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In TB detection, India far from meeting the 2025 goal

Published: 17th Aug, 2023

Context

Three years after the launch of the revised National Strategic Plan 2020-2025 to end TB, India is nowhere near meeting this target.

Status of TB in India:

  • India’s TB incidence rate stands at 196 per 1,00,000 population, instead of the 210 estimated by the WHO, and the estimated deaths from the communicable disease stand at 3.20 lakh, instead of the 4.94 lakh that was projected in 2021.
  • However, due to factors such as poverty, uneven healthcare access, stigma and low health-seeking behaviour, TB remains a significant problem in the country, with India contributing more than 20% of the global infection burden.
  • Tribal communities in India are particularly affected, accounting for 10.4% of all TB cases.
  • The Health Ministry noted that as per this data, the global TB reduction numbers stand at 11% while the reduction in TB cases in India is 18%.

About TB:

  • TB is caused by a bacterium called Mycobacterium tuberculosis, belonging to the Mycobacteriaceae family consisting of about 200 members.
  • In humans, TB most commonly affects the lungs (pulmonary TB), but it can also affect other organs (extra-pulmonary TB).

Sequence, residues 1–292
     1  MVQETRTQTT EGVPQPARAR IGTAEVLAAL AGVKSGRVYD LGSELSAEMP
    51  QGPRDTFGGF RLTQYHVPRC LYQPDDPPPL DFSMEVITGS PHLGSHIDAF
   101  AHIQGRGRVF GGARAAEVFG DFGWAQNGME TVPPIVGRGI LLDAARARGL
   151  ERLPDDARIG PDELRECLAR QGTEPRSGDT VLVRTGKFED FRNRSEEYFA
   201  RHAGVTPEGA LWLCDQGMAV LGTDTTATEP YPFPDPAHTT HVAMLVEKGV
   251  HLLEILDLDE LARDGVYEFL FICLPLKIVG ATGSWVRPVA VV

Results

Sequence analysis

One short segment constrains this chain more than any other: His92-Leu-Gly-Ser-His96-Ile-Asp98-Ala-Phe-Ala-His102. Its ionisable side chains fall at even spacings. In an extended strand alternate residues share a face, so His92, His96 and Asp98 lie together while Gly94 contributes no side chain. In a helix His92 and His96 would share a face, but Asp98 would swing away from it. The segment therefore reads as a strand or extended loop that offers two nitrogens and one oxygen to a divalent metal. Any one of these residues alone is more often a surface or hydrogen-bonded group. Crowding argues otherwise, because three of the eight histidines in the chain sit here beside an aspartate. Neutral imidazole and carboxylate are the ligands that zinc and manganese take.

• TB is a very ancient disease and has been documented to have existed in Egypt as early as 3000 BC.
  • TB is a treatable and curable disease.
  • Transmission: TB is spread from person to person through the air. When people with lung TB cough, sneeze or spit, they propel the TB germs into the air.

 

Major challenges faced by India in controlling TB

Required measures to address the issue.

  • Lack of Awareness and Stigma
  • Delay in diagnosis and care seeking
    • Delay in sputum sample collection and transportation hinders timely diagnosis.
  • Poor Healthcare Infrastructure
  • Poverty and Malnutrition
  • Drug-Resistant TB
  • Co-Infection with HIV
  • Point-of-care testing
  • TB prevention measures
  • TB vaccine rollout
  • Collaborative effort involving community action
  • Technological innovations (AI)
  • Multisectoral partnerships

Important Facts

  • World TB Day is observed on March 24.
  • TB Mukt Bharat (TB-free India): India is committed to ending the TB epidemic by 2025, five years ahead of SDG target timeline.

National and international initiatives:

  • National TB Elimination Programme (NTEP)
  • National Strategic Plan (NSP) for Tuberculosis Elimination (2017-2025)
  • The Nikshay Ecosystem (National TB information system)
  • Nikshay Poshan Yojana (NPY- financial support)
  • TB Harega Desh Jeetega Campaign
  • TB Free India Campaign
  • Tribal TB Initiative

Conclusion

By harnessing innovative solutions such as artificial intelligence, forging partnerships with stakeholders, and investing in research and development, India can effectively enhance the capacity of the public health system to eliminate TB and improve the overall health outcomes of our communities.

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